Using a new mouse model of human melanoma, scientists show how the aggressive skin cancer can start in immature, pigment producing cells in hair follicles.
A new study suggests that people who have a higher vitamin A intake may have a lower risk of developing a common form of skin cancer.
Black people can get skin cancer, though it is less likely to affect them than people with lighter skin. For darker-skinned people, it usually occurs on lighter areas of the skin. Learn more here.
Nodular melanoma is the most aggressive form of skin cancer. In this article, we look at the symptoms, causes, risk factors, and treatments for nodular melanoma.
Skin cancer is the most common cancer in the United States. People should check every month for signs of melanoma and other skin cancers. In this article, we take a close look at the types of skin cancer and the symptoms to look for. We also discuss risk factors and prevention.
Melanoma is a type of cancer that affects the skin cells. If it has progressed to stage 4, this means it has spread beyond the skin to other organs, such as the liver, brain, or lungs. In this article, learn about survival rates, traditional treatments, and new treatment methods, such as targeted therapy drugs.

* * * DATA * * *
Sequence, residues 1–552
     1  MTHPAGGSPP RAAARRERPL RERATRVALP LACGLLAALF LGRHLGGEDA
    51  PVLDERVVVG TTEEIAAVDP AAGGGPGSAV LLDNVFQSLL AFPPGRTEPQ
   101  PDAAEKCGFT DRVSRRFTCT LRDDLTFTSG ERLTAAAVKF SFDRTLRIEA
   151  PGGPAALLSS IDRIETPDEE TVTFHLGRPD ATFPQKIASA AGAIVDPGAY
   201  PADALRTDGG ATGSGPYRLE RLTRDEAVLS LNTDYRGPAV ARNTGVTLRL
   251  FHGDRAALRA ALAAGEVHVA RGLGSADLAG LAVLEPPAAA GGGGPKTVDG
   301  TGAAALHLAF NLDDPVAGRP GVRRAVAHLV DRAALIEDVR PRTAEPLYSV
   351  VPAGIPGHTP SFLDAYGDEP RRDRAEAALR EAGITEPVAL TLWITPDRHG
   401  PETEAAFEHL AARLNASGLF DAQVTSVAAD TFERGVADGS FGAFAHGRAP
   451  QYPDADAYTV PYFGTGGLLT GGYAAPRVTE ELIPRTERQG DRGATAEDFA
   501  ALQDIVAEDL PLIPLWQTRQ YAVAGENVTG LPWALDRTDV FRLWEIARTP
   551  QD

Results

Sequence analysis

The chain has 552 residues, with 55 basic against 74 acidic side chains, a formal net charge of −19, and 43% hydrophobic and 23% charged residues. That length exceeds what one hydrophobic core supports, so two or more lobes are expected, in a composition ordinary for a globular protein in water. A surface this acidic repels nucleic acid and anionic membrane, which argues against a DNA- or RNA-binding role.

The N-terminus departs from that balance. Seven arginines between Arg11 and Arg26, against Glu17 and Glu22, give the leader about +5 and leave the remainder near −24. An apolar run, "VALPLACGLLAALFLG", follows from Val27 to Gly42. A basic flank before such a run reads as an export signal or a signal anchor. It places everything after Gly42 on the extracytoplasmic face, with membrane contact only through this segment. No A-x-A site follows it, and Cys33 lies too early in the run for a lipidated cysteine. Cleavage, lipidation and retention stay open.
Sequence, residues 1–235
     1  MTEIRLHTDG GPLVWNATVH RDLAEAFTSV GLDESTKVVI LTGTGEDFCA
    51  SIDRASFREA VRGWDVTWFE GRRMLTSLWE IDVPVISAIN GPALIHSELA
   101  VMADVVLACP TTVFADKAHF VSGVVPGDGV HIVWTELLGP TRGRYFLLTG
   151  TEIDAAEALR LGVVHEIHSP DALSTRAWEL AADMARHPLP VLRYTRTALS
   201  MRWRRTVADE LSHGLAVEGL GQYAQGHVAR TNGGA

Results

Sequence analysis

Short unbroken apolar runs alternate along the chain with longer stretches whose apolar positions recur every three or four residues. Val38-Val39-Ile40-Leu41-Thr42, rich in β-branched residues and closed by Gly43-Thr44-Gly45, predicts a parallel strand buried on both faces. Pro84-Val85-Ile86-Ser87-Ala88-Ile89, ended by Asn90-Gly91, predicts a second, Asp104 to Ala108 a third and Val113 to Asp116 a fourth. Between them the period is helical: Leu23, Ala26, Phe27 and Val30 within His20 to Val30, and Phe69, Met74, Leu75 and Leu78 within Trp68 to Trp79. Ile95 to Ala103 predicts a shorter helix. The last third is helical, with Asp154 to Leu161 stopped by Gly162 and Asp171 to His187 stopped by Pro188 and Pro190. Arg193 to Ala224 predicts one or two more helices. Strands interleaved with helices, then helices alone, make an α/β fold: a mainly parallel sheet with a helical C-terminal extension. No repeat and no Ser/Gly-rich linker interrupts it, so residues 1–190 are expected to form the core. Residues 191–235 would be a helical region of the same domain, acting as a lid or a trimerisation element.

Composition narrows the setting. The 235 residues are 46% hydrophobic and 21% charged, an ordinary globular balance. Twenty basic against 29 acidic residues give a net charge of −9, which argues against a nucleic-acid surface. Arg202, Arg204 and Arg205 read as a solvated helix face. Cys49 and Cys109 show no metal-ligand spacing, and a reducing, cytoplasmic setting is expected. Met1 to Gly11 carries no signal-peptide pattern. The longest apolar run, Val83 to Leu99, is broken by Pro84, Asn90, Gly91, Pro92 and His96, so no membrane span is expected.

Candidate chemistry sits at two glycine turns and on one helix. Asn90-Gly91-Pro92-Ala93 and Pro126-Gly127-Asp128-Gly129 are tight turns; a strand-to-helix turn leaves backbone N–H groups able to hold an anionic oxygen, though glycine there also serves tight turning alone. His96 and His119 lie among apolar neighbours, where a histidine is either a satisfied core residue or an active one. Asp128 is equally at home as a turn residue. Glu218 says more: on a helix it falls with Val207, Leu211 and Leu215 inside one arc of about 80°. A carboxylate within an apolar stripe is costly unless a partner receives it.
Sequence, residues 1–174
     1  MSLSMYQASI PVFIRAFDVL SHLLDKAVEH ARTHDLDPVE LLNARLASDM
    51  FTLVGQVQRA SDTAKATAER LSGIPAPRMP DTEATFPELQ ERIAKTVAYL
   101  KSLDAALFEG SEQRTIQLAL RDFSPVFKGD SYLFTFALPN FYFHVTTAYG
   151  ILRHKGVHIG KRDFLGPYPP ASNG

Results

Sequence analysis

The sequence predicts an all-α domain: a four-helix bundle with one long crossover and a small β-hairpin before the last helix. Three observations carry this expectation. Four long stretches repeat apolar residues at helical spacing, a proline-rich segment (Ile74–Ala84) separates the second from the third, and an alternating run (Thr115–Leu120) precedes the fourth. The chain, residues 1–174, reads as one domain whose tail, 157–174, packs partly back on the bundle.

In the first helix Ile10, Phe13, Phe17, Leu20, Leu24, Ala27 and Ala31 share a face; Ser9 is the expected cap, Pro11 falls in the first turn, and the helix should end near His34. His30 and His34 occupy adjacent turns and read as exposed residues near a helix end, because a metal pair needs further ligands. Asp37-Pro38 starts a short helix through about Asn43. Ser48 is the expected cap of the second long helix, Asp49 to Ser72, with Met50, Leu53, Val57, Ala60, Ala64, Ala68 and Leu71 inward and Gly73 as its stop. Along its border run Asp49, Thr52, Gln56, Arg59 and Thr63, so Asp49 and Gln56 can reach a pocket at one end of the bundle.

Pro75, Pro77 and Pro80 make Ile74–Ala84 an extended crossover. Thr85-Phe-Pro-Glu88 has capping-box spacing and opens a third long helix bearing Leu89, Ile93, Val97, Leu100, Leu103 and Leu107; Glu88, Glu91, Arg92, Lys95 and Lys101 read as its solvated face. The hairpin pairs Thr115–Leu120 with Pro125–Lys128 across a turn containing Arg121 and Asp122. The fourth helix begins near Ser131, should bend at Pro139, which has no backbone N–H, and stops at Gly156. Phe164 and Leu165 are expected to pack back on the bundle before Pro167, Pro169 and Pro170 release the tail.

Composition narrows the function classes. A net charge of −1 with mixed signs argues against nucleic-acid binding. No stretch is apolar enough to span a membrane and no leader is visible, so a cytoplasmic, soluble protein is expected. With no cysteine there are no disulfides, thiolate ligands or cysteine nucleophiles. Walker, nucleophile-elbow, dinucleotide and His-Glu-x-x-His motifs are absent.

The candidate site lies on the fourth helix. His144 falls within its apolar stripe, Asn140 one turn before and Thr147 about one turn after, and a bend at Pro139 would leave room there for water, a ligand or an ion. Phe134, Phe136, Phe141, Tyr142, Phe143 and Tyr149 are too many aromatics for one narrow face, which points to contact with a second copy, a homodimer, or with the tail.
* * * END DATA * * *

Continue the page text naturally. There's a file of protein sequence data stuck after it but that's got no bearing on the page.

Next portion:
A new study finds that a 'friendly' bacterium, commonly found on healthy human skin and called Staphylococcus epidermidis, may protect against skin cancer.
A Spitz nevus is a type of noncancerous growth. In this article, learn about the types, diagnosis, and when to see a doctor to check for melanoma.
A look at itchy moles, a common complaint that can have a variety of causes. Included is detail on how to tell if a doctor should examine a mole.
Amelanotic melanoma is a type of skin cancer that causes a growth or mole without any melanin. The growth may be pink or red. Learn more.